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SEC Rules and Regulations

IMPORTANT NOTICE TO PRESENTING COMPANIES:The Securities and Exchange Commission has adopted new rules that can complicate private placements and what a company can and cannot say during events such as Crossroads Venture Group sponsored events. A presentation at such an event could constitute a “general solicitation,” which could add complications and cost to compliance with applicable securities laws. Therefore, presenting companies must consult with experienced legal counsel prior to speaking at any such event. By presenting at a Crossroads Venture Group event, each presenting company acknowledges that (i) it is their responsibility to ensure compliance with applicable securities laws, including the content of its presentation, the making of appropriate regulatory filings and the inclusion of appropriate disclaimers and legends on it’s presenting material, and (ii) neither the Crossroads Venture Group nor any of its representatives is responsible for any such compliance.


Although investment and fundraising are never simple endeavors, we hope this page can make things a little bit clearer.

The Securities and Exchange Commission, the federal organization that oversees investment, capital, and fair and free markets, is continually updating and refining the rules related to investment, with the ultimate goal of increasing efficiency and reducing fraud.  Despite the good intentions, these changes can be hard to follow and difficult to comprehend.

The JOBS Act, signed into Law by President Obama in April of 2012, changes some of these regulations in ways that are still being parsed and deciphered today.

On September 23, 2013, Forbes posted this article which does an excellent job of explaining the SEC rules on general solicitation, i.e., publicly announcing the fact that your company is seeking funding. The article explains that

“Publicly advertising an investment round includes, but is not limited to, the following activities:
1. Revealing that the private company is actively seeking investments.
2. Providing the details of the investment, such as the deal terms…”

“This includes traditional and online media, such as, but not limited to: 1. a mass newsletter/email, 2. a public profile on a startup investment platform, 3. a company, personal or third-party website that displays openly that a startup is fundraising, 4. public speaking engagements, such as conferences, panels, or forums, 5. social media such as Facebook, Twitter, Linkedin or others, 6. public videos”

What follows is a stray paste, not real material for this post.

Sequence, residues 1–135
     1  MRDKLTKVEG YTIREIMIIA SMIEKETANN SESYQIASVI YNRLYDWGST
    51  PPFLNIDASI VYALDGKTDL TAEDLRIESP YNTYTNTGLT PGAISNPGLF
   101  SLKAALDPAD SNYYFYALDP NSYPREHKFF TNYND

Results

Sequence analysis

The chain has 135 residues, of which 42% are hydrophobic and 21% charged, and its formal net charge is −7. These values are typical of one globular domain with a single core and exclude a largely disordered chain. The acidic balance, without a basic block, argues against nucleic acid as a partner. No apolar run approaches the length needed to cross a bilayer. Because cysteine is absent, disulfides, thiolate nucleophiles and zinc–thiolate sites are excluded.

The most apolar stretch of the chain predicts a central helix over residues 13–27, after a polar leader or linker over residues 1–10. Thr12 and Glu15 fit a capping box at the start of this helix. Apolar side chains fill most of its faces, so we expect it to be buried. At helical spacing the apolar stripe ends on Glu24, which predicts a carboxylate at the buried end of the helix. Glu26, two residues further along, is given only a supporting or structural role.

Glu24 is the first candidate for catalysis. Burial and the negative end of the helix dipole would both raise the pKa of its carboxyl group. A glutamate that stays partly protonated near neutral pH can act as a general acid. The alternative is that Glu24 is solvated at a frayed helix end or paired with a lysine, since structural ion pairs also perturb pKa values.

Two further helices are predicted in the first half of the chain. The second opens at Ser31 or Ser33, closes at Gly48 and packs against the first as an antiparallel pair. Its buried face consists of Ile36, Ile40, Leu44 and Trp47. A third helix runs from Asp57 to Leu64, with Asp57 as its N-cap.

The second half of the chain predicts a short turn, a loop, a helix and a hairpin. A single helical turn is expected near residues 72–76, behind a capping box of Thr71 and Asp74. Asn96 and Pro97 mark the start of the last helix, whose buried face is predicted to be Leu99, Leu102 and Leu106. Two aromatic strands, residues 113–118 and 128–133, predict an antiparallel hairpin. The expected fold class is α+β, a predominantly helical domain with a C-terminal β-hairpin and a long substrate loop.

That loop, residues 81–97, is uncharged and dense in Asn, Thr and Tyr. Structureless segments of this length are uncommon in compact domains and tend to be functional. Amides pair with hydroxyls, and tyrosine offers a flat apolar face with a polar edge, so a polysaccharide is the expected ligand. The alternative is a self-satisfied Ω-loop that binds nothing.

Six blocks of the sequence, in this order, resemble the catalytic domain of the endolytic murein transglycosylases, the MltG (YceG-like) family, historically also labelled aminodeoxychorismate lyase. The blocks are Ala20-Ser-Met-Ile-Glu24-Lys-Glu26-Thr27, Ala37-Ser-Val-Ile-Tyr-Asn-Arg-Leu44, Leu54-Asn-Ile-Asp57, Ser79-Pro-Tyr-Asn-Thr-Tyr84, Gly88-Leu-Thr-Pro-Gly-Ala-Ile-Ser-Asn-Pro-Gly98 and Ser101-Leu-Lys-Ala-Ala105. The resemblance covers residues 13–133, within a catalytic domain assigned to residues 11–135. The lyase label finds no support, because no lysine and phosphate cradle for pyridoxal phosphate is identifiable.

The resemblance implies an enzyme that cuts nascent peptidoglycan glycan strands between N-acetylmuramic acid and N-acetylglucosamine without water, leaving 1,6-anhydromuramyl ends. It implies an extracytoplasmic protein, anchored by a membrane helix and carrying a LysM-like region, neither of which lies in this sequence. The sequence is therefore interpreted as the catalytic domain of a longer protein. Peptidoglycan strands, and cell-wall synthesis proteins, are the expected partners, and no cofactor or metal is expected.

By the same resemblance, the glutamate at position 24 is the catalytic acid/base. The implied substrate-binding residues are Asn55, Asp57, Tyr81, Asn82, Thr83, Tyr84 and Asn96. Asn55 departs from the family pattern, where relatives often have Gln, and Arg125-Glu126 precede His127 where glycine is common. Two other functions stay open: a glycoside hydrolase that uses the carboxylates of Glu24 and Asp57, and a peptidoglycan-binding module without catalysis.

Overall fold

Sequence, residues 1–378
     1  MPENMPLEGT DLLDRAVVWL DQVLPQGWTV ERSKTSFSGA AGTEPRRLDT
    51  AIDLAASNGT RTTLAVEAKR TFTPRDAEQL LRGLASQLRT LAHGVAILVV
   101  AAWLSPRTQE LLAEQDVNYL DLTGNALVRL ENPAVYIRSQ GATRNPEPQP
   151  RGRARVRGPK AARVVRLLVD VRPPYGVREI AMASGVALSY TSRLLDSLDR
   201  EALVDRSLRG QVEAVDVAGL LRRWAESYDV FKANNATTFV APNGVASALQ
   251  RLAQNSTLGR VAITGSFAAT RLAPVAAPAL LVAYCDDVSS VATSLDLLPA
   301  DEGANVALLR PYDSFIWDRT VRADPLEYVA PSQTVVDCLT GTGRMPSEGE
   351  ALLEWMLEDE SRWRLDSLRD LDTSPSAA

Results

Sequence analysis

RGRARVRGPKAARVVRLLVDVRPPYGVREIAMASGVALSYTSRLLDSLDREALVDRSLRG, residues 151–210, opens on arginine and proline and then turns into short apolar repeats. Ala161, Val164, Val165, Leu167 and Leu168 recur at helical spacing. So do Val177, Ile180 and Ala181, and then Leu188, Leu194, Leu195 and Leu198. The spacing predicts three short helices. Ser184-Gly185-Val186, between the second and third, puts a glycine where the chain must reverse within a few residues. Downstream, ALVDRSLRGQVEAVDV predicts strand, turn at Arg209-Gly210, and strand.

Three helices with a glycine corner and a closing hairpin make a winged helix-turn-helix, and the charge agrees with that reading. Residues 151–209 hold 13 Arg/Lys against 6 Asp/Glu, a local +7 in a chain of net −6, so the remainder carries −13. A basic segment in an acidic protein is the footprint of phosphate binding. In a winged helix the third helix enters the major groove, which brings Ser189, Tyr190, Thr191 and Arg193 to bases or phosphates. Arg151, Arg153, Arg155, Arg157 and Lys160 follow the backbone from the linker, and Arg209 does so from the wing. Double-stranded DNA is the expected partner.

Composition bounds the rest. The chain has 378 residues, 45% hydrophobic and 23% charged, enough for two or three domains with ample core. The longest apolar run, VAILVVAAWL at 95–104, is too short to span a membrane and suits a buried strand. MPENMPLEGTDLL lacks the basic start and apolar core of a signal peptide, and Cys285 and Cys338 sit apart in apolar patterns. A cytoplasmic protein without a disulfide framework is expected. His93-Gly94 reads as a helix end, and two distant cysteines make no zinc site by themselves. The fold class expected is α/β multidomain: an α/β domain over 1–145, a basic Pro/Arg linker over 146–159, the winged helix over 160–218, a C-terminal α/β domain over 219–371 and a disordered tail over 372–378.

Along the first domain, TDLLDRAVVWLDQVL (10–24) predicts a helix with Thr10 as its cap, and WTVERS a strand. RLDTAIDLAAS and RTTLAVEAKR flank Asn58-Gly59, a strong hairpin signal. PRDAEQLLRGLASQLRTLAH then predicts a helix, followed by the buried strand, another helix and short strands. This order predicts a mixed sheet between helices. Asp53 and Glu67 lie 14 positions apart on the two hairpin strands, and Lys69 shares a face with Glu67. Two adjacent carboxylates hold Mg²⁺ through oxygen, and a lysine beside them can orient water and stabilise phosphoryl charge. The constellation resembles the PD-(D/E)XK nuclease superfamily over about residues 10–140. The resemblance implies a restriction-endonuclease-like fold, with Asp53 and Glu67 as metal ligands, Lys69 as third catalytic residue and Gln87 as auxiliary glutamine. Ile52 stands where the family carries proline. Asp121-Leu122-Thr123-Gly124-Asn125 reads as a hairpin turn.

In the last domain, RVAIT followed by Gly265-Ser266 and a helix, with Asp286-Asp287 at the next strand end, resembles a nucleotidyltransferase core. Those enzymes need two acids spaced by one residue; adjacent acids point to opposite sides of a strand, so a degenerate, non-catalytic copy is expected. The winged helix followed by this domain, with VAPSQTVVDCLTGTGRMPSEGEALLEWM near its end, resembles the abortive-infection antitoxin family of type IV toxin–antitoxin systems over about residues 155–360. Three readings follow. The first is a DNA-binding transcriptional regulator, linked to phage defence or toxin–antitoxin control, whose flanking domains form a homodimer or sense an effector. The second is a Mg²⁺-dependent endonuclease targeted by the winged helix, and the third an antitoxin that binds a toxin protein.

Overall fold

As of September, according to the article, general solicitation is permitted, so long as certain stipulations are followed.  These requirements include, but are not limited to:

“1. Allow only accredited investors into the funding round.
The regulations state that if you do a Regulation D Rule 506 (b) offering, which is private fundraising, you can have up to 35 non-accredited investors participating in your round as long you have a pre-existing relationship with them. In the event you decide to carry out a public fundraising, you relinquish that option. Only verified accredited investors are permitted to invest in startups that are generally soliciting.

2. Verify that all these investors are accredited.
This means that from the time you start to generally solicit until the time you close your funding round, you will be required to provide official documentation to confirm that each investor meets the accredited investor threshold, according to the SEC requirements specified in Rule 501 of Regulation D.  This can be uncomfortable and burdensome for both investors and startups, but there are third-party services that do this…

3. Declare that a 506(c) publicly advertised offering was undertaken as part of the Form D filing.
You will have to file a Form D within 15 days of receiving your first investment.  This means you will have to declare that you publicly advertised your offering, under new 506(c) regulations.”

Since these laws are subject to variance and interpretation, it is always advised that you speak to an attorney before making any decisions that could affect the legal status of your company.

Two of our legal sponsors, Shipman & Goodwin and Wiggin and Dana have prepared informative documents that shed some light on the the new JOBS Act implications, including the general solicitation aspect which is highly relevant for CVG events, but also crowdfunding standards which can impact startups and growth stage companies.  Those documents are available below.

We hope this helps shed a bit of light into an admittedly murky area, but remember – CVG staff members are not attorneys, and you should always consult a legal professional before engaging in any fundraising or investing!

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